Yesterday, I talked about the first half of the first ever Windy City Rails conference that happened on Saturday at IIT. Tonight, I'll pick up where I left off with my summary of the presentations I attended.
Virtualization and Elastic Servers -- Yan Pritzker of CohesiveFT
The gist of this talk is that the Rails stack is not well known so why not let CohesiveFT handle deployment for you. It's a virtualization factory, that lets you put together a custom Rails stack and they can deploy and maintain it for you for as little as 10-15 bucks a month. Also, he pointed out that virtualization is a solution for your front end guys getting a working version. Which, having tried to get many a design person's computer up and running, I think is a pretty cool idea.
Ten Things I Hate About Web Apps by Micah Martin
Short list of things Micah hates about Web Apps:
- You need to know css, html, js, and the actual programing language just to get started.
- Html -- only 3 fonts to chose from
- Css is not implemented the same on browsers
- Multiple browser support
- The Photoshop dependancy (why should rounded corners and gradients be so hard?)
- The statelessness of http
- Flash/silverlight are not open source
- Ruby on Rails -- a pretty mask on top of the ugliness
His solution is Limelight -- A platform for writing rich ruby apps. It's all Ruby all the way down. He showed off a simple demo of how easy it is to create apps with Limelight. Then he showed a tower defense video game his brother wrote using Limelight. It looked pretty cool, but it's very audacious to propose a new platform.
Slight of Hand for the Ruby Man by Aaron Bedra, Relevance
I missed a bunch of this presentation 'cause I'm a dumbass. The cool thing I did manage to see is "the-inspector" which is a gem that can tell you where some monkey patcher has redefined a method. So you can call this:
Very cool. Check it out at: http://github.com/spicycode/the-inspector
The Morph App Space lightning talk was next.
Morph can help you deploy RoR in five minutes, it's fully managed, and elastically scalable for $1 a day.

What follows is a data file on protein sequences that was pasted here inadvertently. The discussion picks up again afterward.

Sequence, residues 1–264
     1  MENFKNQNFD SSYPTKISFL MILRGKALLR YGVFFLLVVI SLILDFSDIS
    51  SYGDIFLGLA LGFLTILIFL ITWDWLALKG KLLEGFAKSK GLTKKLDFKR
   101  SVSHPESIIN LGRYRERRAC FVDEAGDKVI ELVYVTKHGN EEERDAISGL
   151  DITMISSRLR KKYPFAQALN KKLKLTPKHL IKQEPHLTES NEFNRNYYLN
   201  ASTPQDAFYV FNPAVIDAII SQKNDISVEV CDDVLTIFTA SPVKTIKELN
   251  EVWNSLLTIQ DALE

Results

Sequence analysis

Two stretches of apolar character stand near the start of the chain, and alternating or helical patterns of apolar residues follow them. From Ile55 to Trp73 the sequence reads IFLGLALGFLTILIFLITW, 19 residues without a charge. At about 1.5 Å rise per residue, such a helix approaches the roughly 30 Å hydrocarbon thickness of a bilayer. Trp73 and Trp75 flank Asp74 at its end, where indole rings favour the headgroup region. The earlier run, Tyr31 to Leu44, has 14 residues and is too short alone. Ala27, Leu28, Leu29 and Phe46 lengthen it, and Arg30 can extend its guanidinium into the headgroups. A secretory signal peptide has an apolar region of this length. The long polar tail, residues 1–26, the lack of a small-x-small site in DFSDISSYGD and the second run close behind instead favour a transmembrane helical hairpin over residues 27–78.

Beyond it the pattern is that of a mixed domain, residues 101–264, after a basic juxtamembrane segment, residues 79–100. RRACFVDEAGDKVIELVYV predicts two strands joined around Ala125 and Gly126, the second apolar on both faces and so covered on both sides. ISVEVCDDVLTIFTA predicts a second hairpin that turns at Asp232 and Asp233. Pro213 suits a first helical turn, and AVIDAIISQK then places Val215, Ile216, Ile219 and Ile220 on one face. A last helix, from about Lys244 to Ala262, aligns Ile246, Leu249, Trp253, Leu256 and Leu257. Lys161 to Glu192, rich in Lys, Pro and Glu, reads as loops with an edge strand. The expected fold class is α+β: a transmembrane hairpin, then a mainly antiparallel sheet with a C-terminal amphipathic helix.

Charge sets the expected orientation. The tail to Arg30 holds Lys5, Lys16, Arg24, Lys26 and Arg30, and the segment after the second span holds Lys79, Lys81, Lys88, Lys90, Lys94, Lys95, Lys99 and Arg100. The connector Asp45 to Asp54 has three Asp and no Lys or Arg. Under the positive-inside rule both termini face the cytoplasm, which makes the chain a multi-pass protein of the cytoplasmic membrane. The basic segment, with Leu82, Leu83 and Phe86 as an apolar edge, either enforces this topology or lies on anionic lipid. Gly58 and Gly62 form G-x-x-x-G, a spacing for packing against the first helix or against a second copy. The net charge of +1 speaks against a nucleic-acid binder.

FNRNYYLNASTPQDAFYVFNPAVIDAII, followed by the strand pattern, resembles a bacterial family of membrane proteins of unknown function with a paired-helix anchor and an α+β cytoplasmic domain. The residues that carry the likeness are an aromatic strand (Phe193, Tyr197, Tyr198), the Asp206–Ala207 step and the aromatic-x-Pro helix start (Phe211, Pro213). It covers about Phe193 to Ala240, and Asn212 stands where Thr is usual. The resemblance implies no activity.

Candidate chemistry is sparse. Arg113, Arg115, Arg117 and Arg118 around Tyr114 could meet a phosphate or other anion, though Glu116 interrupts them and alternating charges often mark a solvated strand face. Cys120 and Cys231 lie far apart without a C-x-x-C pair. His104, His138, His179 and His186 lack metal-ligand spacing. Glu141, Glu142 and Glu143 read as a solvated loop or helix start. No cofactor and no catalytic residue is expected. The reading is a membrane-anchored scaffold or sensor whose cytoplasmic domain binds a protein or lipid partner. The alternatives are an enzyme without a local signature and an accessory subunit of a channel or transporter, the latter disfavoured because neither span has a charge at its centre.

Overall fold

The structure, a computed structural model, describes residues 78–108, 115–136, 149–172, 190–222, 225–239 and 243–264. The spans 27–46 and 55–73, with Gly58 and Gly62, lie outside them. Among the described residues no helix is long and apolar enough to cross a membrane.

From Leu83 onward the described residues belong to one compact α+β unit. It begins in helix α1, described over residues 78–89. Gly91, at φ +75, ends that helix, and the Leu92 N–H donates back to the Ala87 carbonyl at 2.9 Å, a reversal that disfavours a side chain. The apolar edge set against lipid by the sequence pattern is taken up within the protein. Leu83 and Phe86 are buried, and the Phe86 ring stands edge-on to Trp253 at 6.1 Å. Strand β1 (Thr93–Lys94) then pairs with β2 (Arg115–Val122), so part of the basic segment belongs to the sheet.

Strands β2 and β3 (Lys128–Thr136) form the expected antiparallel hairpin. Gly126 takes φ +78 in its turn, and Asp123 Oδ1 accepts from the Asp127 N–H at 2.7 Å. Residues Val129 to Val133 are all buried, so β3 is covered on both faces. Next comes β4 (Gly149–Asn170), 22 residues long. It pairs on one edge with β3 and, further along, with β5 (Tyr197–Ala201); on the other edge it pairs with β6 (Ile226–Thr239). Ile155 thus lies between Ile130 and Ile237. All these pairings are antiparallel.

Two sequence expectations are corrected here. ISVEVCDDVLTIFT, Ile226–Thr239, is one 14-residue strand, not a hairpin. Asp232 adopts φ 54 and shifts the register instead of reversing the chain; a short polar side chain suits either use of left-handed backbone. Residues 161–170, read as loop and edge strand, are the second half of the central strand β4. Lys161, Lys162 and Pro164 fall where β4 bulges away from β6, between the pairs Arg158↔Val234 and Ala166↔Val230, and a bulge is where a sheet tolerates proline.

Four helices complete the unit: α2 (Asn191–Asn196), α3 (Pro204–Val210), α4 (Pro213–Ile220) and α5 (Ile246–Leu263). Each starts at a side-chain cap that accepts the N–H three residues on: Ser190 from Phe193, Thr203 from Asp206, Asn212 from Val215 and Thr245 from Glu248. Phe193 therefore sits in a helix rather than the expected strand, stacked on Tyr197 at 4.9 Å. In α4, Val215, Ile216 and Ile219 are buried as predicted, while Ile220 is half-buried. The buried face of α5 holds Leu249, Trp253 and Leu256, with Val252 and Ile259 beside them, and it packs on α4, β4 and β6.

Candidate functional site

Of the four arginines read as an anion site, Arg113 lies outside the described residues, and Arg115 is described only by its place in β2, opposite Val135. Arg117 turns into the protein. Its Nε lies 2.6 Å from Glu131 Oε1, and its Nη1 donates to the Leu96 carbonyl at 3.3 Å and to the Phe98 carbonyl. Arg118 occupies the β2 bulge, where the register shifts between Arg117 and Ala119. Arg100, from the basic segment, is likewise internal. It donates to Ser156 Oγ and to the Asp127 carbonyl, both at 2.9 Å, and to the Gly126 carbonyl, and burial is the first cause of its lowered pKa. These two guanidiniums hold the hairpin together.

Rails Security by Aaron Bedra, Relevance
Aaron talked about using Tarantula to crawl your app and attack it. It's particularly good at finding cross site scripting and sql injection attack vulnerabilities.
There are a number of solutions to preventing cross site attacks (aside from remembering to use 'h' everywhere):
His general recommendations for security:
- Keep your framework up to date
- Build security from the ground up
- Audit your code
Test Last Development -- Noel Rappin, Pathfinder
Regular TDD is Red-Green-Refactor and yet it often goes wrong and Noel spent some time talking about typical ways in which it does.
- People often skip the refactor step -- he calls this test driven mess as TDD is supposed to be about design
- Data driven testing -- fail the test, get the output, then put into test
- Code then test -- Which useful in exploration, but it's easy to slip. It also leads to coverage gaps
- Test last development -- when you check in without tests and then later try to wrap tests around your code.
Noel uses two coverage suites:
- One models only
- And the other is everything else
He does this because controllers hit models a lot so they can hide lack of model coverage in tests.
Generally, I had a great time at Windy City Rails. I think Ray Hightower and everyone involved did an amazing job pulling this together.